Fritz Reiner

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Frederick Martin "Fritz" Reiner (December 19, 1888 – November 15, 1963) was a prominent conductor of opera and symphonic music in the twentieth century. Hungarian born and trained, he emigrated to the United States in 1922, where he rose to prominence as a conductor with several orchestras. He reached the pinnacle of his career while music director of the Chicago Symphony Orchestra in the 1950s and early 1960s.

Conducting directing a musical performance by way of visible gestures

Conducting is the art of directing a musical performance, such as an orchestral or choral concert. It has been defined as "the art of directing the simultaneous performance of several players or singers by the use of gesture." The primary duties of the conductor are to interpret the score in a way which reflects the specific indications in that score, set the tempo, ensure correct entries by ensemble members, and "shape" the phrasing where appropriate. Conductors communicate with their musicians primarily through hand gestures, usually with the aid of a baton, and may use other gestures or signals such as eye contact. A conductor usually supplements their direction with verbal instructions to their musicians in rehearsal.

Opera artform combining sung text and musical score in a theatrical setting

Opera is a form of theatre in which music has a leading role and the parts are taken by singers, but is distinct from musical theater. Such a "work" is typically a collaboration between a composer and a librettist and incorporates a number of the performing arts, such as acting, scenery, costume, and sometimes dance or ballet. The performance is typically given in an opera house, accompanied by an orchestra or smaller musical ensemble, which since the early 19th century has been led by a conductor.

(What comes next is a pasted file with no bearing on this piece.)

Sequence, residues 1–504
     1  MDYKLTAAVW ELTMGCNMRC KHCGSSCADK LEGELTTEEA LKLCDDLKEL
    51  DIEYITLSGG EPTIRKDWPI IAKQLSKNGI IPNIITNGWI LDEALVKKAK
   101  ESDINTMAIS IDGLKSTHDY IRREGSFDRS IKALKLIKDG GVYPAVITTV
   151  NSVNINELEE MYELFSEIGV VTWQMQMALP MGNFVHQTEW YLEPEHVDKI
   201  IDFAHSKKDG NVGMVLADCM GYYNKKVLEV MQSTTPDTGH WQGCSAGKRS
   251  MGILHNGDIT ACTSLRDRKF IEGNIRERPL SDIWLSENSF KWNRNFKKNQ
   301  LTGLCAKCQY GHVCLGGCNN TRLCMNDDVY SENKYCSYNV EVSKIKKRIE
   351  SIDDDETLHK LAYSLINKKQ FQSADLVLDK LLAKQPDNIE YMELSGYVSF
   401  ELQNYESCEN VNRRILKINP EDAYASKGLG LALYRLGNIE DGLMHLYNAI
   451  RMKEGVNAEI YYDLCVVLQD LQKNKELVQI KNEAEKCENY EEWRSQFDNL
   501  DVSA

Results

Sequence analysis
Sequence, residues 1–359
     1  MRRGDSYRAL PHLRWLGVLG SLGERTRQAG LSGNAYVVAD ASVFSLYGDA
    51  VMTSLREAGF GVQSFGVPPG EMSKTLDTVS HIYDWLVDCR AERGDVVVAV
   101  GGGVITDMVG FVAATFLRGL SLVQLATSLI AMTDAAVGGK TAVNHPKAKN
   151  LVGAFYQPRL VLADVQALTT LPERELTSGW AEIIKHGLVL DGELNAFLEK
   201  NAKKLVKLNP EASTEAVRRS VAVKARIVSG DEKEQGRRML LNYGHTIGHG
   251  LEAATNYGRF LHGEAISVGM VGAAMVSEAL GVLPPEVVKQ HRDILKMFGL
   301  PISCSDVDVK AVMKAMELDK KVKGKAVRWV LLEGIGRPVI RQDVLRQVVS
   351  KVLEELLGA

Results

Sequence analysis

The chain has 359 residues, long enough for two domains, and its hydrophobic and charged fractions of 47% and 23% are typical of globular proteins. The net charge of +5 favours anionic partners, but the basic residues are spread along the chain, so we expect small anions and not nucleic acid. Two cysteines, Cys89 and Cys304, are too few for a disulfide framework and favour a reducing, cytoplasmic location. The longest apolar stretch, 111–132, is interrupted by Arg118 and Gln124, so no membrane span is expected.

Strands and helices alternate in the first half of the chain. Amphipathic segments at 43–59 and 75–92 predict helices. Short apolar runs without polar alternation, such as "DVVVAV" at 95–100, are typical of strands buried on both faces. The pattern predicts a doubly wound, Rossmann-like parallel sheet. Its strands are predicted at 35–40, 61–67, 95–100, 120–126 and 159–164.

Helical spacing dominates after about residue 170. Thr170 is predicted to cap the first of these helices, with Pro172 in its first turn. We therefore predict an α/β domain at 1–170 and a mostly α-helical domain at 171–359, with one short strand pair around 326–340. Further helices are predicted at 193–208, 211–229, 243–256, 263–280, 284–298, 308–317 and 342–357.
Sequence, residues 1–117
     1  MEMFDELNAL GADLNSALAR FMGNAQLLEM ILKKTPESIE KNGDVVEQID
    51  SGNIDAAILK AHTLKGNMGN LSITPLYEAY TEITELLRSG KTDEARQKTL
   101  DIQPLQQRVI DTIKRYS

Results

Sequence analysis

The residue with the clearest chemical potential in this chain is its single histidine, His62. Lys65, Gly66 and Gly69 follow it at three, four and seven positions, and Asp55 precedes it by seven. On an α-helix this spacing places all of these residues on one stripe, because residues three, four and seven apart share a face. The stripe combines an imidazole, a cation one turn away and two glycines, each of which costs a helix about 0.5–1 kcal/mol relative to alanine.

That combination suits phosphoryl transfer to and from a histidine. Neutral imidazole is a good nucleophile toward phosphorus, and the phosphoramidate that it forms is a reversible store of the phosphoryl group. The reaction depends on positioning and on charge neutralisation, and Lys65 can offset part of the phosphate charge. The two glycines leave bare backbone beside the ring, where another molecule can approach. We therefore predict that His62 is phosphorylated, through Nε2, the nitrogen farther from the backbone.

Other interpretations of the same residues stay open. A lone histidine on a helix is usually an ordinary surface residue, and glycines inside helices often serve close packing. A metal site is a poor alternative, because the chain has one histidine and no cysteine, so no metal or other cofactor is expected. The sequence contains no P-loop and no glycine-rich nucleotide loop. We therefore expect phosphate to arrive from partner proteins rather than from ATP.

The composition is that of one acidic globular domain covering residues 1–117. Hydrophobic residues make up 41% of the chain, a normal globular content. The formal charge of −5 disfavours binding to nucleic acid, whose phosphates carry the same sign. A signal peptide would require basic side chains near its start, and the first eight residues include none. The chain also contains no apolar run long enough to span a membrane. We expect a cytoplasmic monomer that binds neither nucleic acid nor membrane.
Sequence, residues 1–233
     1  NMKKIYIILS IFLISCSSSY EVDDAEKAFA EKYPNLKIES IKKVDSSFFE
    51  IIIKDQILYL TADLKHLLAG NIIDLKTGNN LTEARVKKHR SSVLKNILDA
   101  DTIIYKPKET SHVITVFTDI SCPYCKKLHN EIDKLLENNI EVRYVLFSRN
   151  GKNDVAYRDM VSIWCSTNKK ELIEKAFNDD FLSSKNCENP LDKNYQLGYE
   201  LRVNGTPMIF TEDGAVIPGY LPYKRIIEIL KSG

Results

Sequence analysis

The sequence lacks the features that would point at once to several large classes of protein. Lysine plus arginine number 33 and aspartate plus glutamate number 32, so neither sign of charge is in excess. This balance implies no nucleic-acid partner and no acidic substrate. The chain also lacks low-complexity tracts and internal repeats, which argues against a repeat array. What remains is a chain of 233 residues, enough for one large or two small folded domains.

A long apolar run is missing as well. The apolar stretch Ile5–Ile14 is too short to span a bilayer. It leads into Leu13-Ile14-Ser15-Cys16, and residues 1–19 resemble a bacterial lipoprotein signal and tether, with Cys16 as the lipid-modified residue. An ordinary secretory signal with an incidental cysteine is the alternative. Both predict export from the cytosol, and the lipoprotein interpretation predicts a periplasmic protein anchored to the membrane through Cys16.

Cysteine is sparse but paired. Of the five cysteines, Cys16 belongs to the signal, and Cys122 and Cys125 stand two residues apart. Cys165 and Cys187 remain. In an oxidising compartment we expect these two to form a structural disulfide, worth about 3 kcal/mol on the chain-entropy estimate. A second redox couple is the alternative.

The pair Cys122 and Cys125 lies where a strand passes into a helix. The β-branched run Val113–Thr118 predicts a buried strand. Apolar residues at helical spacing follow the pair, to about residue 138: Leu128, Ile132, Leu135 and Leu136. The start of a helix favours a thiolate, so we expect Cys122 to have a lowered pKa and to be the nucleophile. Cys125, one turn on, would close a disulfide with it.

Chicago Symphony Orchestra American symphony orchestra in Chicago, IL

The Chicago Symphony Orchestra (CSO) was founded by Theodore Thomas in 1891. The ensemble makes its home at Orchestra Hall in Chicago and plays a summer season at the Ravinia Festival. The music director is Riccardo Muti, who began his tenure in 2010. The CSO is one of five American orchestras commonly referred to as the "Big Five".

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Life and career

Reiner was born in Budapest, Austria-Hungary into a secular Jewish family that resided in the Pest area of the city. After preliminary studies in law at his father’s urging, Reiner pursued the study of piano, piano pedagogy, and composition at the Franz Liszt Academy. During his last two years there, his piano teacher was the young Béla Bartók. After early engagements at opera houses in Budapest and Dresden (June 1914 - November 1921), where he worked closely with Richard Strauss, he moved to the United States of America in 1922 to take the post of Principal Conductor of the Cincinnati Symphony Orchestra. He remained until 1931, having become a naturalized citizen in 1928, then began to teach at the Curtis Institute in Philadelphia, Pennsylvania, where his pupils included Leonard Bernstein and Lukas Foss. He conducted the Pittsburgh Symphony Orchestra from 1938 to 1948 and made a few recordings with them for Columbia Records, then spent several years at the Metropolitan Opera, where he conducted a historic production of Strauss's Salome in 1949, with the Bulgarian soprano Ljuba Welitsch in the title role, and the American première of Igor Stravinsky's The Rake's Progress in 1951. He also conducted and made a recording of the famous 1952 Metropolitan Opera production of Bizet's Carmen , starring Rise Stevens. The production was telecast on closed circuit television that year. At the time of his death he was preparing the Met's new production of Wagner’s Götterdämmerung .